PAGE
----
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August 08, 2022

New Jersey expands use of electric school buses in effort to reduce carbon emissions

The state's Charge Up initiative also will offer up to $4,000 in incentives for residents to purchase EVs

Transportation Government
School Bus EVs Austin Pacheco/Unsplash

New Jersey has established a three-year pilot program that will expand the use of electric school buses, Gov. Phil Murphy announced on Thursday. The three-year initiative is part of the states ongoing effort to reduce carbon emissions.

New Jersey is increasing its efforts to promote the use of electric vehicles as a way to reduce carbon emissions, as Gov. Phil Murphy signed an executive order on Thursday establishing an electric school bus pilot program.

The effort was made in conjunction with the state's Department of Environmental Protection, which will oversee the planning and implementation. For the next three years, the DEP will issue $45 million in grant funding to up to 18 school districts, at least half of which will be invested in low-income, urban communities. 

"In order to significantly cut greenhouse gas emissions and optimally capitalize on the benefits of vehicle electrification, we must electrify not only the cars that bring us to work, but also the buses that safely deliver our children to school," said Murphy in a release. "Some of the most important vehicles traversing our state's roads and bridges are buses connecting our children and families to our nation-leading public school system. It is our responsibility as elected officials to ensure that those vehicles do not adversely affect the health outcomes of our students as they grow, learn, and prepare to lead New Jersey toward a more sustainable future themselves." 

Funding for the first year of the program will come from the state's general fund, with additional money to come from other available funds, including the Clean Energy Fund and the Regional Greenhouse Gas Initiative.

More than 80,000 students ride the state's 15,000 diesel-powered school buses each academic year, GovTech reported. 

It was not immediately clear which school districts will be selected for the first year of the program. However, electrifying school buses has become a priority for Murphy and other top Democrats in New Jersey, with a broader goal of eventually replacing all diesel-powered buses. 

"By getting our children off diesel and on to electric school buses, we are better protecting their health and our entire communities from the particulate matter diesel buses spew into our neighborhoods," said Shawn M. LaTourette, commissioner of environmental protection. "These investments will also help New Jersey to reduce its reliance on dirtier fossil fuels that are hastening climate change, extreme heat, and flooding."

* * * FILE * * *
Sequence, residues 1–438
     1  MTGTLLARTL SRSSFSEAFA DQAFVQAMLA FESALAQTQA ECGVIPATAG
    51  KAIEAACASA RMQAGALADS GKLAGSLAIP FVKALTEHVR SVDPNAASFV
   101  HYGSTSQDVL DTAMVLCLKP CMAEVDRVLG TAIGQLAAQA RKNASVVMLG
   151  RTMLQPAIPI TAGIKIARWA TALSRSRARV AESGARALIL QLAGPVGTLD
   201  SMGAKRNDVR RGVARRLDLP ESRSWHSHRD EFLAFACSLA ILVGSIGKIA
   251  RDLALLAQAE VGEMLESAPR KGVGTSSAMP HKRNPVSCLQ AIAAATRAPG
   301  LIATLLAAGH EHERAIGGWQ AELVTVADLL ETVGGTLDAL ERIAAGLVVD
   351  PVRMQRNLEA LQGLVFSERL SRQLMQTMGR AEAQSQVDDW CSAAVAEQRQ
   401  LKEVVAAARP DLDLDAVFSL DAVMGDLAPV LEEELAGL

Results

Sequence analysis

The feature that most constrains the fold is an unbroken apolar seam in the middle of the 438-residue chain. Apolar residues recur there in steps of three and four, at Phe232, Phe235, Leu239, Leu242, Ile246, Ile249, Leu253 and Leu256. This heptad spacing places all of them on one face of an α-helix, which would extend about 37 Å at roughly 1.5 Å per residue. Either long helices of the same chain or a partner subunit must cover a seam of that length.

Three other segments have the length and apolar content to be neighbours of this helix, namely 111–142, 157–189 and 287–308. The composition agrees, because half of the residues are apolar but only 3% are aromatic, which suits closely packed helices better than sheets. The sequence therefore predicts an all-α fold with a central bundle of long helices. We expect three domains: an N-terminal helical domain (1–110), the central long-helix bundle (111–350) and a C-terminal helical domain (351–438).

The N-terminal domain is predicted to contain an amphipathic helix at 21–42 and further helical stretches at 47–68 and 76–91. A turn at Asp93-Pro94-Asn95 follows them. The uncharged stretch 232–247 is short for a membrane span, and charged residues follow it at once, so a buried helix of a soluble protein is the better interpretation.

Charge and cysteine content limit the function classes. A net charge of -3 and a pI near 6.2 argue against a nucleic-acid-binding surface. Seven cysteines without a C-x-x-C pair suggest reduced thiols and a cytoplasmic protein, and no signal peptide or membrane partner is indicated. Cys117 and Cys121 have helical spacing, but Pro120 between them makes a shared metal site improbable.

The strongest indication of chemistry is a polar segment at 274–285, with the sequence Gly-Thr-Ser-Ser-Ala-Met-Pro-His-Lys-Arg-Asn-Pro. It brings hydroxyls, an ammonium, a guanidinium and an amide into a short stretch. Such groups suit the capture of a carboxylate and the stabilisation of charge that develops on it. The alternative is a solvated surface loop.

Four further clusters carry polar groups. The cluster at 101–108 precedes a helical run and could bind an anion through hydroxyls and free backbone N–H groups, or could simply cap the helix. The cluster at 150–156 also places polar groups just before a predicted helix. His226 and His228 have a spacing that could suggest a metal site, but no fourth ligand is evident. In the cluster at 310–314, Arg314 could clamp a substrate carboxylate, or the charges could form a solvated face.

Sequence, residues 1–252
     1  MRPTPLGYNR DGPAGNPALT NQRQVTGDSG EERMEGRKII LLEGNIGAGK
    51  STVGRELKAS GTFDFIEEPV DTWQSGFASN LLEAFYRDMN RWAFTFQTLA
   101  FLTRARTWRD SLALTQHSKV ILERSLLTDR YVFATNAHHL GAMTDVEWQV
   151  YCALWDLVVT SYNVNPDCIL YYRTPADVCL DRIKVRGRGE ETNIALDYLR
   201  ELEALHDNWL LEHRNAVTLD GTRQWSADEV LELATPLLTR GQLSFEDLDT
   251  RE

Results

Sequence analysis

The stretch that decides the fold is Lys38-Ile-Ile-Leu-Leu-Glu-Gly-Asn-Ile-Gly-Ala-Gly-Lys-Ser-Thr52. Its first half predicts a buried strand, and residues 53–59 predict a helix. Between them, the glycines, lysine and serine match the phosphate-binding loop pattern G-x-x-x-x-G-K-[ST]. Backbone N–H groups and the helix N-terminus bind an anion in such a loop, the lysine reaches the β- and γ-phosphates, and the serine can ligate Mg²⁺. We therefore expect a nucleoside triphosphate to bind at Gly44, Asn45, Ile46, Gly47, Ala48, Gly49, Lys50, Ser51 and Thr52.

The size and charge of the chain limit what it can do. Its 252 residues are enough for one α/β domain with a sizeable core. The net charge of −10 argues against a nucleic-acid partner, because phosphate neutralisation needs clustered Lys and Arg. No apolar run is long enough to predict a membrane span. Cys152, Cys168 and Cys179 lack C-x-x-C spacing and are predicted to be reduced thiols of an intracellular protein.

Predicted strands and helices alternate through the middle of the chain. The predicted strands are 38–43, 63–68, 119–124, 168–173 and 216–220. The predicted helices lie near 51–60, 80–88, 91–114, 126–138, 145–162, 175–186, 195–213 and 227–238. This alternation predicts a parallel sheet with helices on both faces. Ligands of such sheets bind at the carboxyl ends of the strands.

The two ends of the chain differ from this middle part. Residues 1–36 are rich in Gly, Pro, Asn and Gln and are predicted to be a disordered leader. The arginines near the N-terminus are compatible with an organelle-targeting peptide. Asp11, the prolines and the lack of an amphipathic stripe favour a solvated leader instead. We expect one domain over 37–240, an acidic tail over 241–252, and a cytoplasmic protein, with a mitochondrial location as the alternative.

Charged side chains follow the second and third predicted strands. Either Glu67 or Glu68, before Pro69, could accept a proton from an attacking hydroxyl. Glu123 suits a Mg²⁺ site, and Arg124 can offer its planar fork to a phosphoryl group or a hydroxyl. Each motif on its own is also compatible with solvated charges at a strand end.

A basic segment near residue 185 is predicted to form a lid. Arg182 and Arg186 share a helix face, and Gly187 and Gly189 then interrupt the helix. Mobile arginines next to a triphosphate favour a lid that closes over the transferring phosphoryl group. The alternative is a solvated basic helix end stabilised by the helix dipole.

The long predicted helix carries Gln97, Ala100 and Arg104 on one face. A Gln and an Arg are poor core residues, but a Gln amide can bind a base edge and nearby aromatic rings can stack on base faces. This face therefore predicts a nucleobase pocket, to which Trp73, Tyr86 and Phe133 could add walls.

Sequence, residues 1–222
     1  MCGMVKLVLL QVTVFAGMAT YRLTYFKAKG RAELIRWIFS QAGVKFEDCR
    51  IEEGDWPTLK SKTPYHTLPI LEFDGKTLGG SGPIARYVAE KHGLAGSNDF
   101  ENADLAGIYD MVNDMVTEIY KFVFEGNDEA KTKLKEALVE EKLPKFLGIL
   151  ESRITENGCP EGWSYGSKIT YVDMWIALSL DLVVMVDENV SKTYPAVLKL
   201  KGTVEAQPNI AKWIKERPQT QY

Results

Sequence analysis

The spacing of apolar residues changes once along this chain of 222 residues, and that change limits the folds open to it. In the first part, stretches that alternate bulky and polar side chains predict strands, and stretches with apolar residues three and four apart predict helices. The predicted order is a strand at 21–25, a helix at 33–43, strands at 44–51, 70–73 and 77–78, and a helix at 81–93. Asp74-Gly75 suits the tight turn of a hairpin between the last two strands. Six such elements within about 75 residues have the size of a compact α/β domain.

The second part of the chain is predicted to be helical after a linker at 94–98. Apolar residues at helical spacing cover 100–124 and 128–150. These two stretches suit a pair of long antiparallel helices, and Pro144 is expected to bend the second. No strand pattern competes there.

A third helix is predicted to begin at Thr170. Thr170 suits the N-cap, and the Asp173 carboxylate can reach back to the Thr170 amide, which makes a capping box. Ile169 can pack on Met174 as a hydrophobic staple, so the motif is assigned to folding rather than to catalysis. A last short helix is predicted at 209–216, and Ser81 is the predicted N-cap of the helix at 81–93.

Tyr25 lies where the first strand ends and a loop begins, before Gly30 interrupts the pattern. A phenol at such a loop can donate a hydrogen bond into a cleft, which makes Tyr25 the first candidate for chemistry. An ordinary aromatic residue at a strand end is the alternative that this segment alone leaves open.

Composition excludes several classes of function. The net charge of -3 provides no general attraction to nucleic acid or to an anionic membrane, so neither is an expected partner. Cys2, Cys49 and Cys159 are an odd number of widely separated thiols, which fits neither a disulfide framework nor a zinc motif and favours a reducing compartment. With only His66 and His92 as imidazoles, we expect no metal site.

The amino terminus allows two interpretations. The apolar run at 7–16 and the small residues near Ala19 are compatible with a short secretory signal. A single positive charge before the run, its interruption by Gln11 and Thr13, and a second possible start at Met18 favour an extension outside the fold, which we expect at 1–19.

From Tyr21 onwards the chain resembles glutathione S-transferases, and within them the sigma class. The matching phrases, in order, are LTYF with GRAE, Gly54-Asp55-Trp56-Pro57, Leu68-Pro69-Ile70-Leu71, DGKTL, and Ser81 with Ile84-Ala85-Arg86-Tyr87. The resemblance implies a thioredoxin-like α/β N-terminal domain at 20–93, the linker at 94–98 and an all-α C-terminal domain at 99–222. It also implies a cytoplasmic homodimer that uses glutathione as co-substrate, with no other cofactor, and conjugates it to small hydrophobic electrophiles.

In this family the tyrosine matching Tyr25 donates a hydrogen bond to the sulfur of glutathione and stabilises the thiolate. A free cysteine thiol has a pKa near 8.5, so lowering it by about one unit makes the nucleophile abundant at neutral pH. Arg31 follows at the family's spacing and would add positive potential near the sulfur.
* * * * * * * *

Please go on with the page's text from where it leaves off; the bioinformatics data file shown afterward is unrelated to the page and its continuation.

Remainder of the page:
The program is part of the Murphy administration's long-held priority of reducing carbon emissions statewide. 

While NJ Spotlight reports that New Jersey has lagged behind other states in making the switch to electric school buses, Murphy announced an enhancement to his Charge Up New Jersey incentive program, which is now in its third year. 

The incentive program will provide up to $4,000 to some residents looking to purchase electric vehicles, as well as $250 to pay for an at-home charging station. Throughout the course of the program, Charge Up New Jersey has helped more than 13,000 people purchase EVs throughout the state.  

The incentive is a point-of-sale program, which is implemented at the dealership. Rather than a rebate, which the state has used previously, the incentive is meant to make the cost of the vehicle go down, and therefore reduce the monthly payments that go along with it. 

Prices are capped at $55,000, as the program was made for people who choose not to purchase electric vehicles due to the higher price point, Cathleen Lewis, manager of E-Mobility at the New Jersey Board of Public Utilities, told

Approved dealerships and cars can be found on the Charge Up New Jersey website. 

"With so much at stake amid the mounting climate crisis, it is imperative that we all do our part not just as New Jerseyans, but at global citizens, to help mitigate the impacts of climate change," said Murphy. "That’s why I’m proud that my administration is doing everything in its power to make the transition to electric vehicles more financially feasible and practical for working families across the state."

Outside of New Jersey, Pennsylvania has its own electric vehicle rebate program. Electric battery cars and trucks qualify for a $2,000 rebate depending on household income. 

Low-income households may be eligible for an additional $1,000 rebate on both new and pre-owned electric vehicles, according to the Pennsylvania DEP